District Of Columbia: Officials Look for Ways to Maintain AIDS Care
June 8, 2005
Yesterday, more than two dozen officials from the Washington region met privately to discuss the impact of the Whitman-Walker Clinic's (WWC) proposed cuts.
The agency, which is the region's principal provider of AIDS services, has announced $2.5 million in budget reductions that will involve its withdrawal from satellite facilities in Takoma Park and Arlington County. WWC will survey hundreds of suburban clients to learn whether they would choose to continue accessing care through the clinic by coming into the District.
The budget cuts at WWC will affect health, housing, and support programs across the organization. Officials have said a short-term bailout will not solve WWC's problems.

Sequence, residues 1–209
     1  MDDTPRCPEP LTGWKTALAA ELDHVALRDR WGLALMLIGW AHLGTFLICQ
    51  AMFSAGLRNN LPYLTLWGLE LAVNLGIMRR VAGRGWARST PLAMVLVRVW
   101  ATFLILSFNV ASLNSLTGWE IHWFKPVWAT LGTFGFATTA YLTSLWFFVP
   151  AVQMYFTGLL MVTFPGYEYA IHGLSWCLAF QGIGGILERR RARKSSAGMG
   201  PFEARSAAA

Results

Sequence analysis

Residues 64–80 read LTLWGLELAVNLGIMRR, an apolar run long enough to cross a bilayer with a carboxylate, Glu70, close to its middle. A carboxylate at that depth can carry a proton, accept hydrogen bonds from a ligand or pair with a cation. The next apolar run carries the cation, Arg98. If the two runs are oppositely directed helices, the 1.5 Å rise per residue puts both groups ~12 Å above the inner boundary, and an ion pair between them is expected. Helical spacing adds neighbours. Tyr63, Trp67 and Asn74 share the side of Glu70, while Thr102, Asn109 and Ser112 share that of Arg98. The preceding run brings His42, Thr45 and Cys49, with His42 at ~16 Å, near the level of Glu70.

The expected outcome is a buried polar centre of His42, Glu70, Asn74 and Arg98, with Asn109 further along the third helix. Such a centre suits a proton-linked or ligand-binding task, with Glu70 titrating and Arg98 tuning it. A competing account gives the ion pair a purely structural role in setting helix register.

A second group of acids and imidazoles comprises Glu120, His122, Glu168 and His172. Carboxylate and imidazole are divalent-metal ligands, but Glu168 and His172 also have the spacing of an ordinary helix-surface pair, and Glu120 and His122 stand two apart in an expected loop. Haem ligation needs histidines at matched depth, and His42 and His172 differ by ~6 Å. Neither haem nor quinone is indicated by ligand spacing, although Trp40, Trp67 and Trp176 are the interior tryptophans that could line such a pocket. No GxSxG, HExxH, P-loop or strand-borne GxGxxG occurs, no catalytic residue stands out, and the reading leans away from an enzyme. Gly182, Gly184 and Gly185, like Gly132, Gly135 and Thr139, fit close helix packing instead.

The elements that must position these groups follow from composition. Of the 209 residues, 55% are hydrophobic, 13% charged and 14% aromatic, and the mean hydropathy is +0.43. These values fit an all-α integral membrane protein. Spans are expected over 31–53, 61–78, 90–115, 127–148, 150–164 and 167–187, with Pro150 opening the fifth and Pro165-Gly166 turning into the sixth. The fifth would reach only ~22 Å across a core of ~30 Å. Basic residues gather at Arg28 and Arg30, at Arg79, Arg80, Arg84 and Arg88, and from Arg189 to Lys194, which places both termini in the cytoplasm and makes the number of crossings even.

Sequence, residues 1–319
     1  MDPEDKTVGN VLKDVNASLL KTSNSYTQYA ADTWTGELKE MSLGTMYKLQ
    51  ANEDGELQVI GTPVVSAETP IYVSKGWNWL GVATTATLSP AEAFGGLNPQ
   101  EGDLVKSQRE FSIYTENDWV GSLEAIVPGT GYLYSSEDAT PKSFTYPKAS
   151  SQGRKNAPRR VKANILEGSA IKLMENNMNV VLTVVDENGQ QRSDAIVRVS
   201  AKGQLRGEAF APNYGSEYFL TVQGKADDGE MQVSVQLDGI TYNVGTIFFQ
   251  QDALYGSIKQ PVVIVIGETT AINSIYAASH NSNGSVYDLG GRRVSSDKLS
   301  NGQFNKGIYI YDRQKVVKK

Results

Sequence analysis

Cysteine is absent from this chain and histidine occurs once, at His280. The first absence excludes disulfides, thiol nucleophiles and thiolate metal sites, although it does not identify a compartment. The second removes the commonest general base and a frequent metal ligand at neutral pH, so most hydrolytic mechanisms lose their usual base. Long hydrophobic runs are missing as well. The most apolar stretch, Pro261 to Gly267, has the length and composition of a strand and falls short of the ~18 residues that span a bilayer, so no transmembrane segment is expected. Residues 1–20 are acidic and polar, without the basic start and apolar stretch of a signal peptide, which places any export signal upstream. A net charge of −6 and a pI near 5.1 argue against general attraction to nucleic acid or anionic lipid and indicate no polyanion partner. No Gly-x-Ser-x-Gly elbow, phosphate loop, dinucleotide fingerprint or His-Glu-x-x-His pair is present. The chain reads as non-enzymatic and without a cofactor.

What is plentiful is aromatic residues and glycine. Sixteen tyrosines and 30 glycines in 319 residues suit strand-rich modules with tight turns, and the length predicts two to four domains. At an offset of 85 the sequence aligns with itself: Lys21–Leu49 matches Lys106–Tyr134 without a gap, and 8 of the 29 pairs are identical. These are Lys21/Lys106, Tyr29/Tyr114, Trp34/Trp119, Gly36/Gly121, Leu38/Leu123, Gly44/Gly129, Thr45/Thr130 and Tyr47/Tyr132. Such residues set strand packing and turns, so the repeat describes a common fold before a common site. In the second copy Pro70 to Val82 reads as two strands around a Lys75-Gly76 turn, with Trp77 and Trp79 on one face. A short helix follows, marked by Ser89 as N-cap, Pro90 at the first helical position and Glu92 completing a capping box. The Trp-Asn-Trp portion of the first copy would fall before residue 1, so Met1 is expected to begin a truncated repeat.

Participants at yesterday's meeting "all agreed to work collaboratively," said Gregg A. Pane, District health director. The central issue for participants at the gathering was how to maintain a continuum of care for clients.
District Councilmember Jim Graham (D-Ward 1) supports the concept of maintaining WWC's regional mission. "We shouldn't slice this thing up," said Graham, who was WWC's executive director for 15 years.
Local agencies are now compiling a list of alternative providers. Northern Virginia AIDS activists and care providers have a task force investigating how WWC's facility there could become a stand-alone operation. Their counterparts in Maryland are not as far along.
06.08.05; Susan Levine
This article was provided by CDC National Prevention Information Network. It is a part of the publication CDC HIV/Hepatitis/STD/TB Prevention News Update.